Format

Send to

Choose Destination
See comment in PubMed Commons below
Mol Syndromol. 2012 Jun;3(1):6-13. Epub 2012 Jun 13.

Two Missense Mutations in the Primary Autosomal Recessive Microcephaly Gene MCPH1 Disrupt the Function of the Highly Conserved N-Terminal BRCT Domain of Microcephalin.

Author information

1
Institute of Medical and Human Genetics, Charité - Universitätsmedizin Berlin, Berlin, Germany.

Abstract

Primary microcephaly MCPH1 is an extremely rare autosomal recessive disorder associated with congenital microcephaly, mental retardation and a distinctive cellular phenotype of misregulated chromosome condensation. The MCPH1 gene encodes an 835-amino acid protein, microcephalin, which contains 1 N-terminal and 2 C-terminal BRCT (BRCA1 C-terminus) domains. BRCT domains are predominantly found in proteins involved in cell cycle control and DNA repair. Here we describe 1 novel and 1 previously reported MCPH1 missense mutation, p.Trp75Arg and p.Ser72Leu, respectively, in the N-terminal BRCT domain of microcephalin associated with severe congenital microcephaly. Both residues are entirely conserved in the MCPH1 orthologs of all vertebrate species and Drosophila. Proliferating lymphocytes of the patients with p.Trp75Arg and p.Ser72Leu show the unique cellular MCPH1 phenotype of misregulated chromosome condensation, indicating that these missense alterations disrupt the function of the N-terminal BRCT domain of the protein. Interestingly, both residues are strictly conserved in BRCT domains of BRCA1. ClustalW alignments show that the residue p.Ser72 of microcephalin corresponds to p.Ser1715 of the N-terminal BRCT domain of BRCA1, while the microcephalin residue p.Trp75 is analogous to p.Trp1718 in the N-terminal BRCT and to p.Trp1837 in C-terminal BRCT domains of BRCA1. Missense alterations for all 3 corresponding BRCA1 residues were described and are predicted to be deleterious resulting in the destabilization of the BRCA1 protein. Our data on the 2 MCPH1 missense alterations provide further evidence for the functional significance of these residues in BRCT domains.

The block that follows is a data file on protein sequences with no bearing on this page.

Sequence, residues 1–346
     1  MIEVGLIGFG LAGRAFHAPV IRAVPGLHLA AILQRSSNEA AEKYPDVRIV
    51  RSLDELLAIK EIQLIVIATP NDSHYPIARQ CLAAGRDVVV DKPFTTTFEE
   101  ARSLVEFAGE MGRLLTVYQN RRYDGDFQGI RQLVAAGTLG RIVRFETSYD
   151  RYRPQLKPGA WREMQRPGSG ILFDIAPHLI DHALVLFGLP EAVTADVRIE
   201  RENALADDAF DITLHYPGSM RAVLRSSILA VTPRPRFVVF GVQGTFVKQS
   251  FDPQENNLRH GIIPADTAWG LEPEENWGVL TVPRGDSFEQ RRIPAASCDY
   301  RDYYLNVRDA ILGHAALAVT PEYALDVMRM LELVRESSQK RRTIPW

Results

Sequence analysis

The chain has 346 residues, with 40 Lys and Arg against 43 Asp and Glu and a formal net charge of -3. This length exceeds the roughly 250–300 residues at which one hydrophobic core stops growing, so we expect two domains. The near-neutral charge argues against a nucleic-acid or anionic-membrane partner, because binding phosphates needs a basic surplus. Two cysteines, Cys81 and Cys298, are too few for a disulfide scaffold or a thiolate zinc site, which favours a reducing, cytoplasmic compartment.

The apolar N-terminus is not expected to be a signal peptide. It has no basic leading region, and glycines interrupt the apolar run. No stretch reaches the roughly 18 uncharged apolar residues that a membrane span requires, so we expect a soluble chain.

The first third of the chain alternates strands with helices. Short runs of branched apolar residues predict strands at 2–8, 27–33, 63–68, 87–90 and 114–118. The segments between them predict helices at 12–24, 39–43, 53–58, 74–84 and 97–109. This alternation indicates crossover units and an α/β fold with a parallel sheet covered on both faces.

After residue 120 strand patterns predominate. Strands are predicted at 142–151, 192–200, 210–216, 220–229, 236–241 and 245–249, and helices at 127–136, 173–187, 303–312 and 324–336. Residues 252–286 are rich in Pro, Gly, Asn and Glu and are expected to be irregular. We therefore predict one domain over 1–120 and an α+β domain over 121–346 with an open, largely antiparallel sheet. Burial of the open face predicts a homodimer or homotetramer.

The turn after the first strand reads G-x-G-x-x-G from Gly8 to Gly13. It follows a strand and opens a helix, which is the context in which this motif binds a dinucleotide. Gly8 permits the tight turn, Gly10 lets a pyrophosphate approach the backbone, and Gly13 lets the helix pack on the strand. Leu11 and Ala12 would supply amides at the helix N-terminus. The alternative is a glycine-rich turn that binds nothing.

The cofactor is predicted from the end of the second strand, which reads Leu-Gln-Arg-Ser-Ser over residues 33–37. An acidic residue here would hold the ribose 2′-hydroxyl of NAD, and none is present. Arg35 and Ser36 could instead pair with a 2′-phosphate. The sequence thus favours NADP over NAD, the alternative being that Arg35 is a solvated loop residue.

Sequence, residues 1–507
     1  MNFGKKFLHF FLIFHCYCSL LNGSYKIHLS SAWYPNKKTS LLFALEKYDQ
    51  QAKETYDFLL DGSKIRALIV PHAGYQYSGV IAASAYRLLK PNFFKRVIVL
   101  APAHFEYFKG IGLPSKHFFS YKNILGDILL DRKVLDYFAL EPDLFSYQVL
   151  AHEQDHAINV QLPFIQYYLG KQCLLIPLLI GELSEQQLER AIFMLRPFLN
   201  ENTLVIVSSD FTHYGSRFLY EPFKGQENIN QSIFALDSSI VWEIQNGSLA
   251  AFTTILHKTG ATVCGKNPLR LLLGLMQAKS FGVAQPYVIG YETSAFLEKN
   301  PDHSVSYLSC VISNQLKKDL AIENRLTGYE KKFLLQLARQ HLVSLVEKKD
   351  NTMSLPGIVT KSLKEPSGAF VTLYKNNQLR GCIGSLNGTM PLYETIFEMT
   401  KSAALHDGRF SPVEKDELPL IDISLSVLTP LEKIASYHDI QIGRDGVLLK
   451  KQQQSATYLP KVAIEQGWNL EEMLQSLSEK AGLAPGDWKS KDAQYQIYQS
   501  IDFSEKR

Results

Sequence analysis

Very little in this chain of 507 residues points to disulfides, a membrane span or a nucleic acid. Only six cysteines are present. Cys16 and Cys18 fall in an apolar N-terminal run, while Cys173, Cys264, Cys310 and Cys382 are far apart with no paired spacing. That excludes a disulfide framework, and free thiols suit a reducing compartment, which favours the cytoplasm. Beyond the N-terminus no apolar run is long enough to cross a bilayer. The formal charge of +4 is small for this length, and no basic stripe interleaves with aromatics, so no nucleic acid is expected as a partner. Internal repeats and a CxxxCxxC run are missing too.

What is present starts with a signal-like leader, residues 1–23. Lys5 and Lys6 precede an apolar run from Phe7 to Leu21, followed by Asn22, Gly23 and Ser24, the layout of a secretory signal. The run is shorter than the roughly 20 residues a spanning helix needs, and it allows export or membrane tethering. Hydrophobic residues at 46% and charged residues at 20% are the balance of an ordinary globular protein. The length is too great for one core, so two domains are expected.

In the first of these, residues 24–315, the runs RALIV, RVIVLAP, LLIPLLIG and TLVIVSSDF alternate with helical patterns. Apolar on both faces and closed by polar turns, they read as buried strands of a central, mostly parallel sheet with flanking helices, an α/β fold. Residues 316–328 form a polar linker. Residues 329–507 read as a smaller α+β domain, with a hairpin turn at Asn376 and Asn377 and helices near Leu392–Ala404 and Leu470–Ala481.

PMID:
22855649
PMCID:
PMC3398827
DOI:
000338975
PubMed Commons home

PubMed Commons

0 comments
How to join PubMed Commons

    Supplemental Content

    Full text links

    Icon for S. Karger AG, Basel, Switzerland Icon for PubMed Central
    Loading ...
    Support Center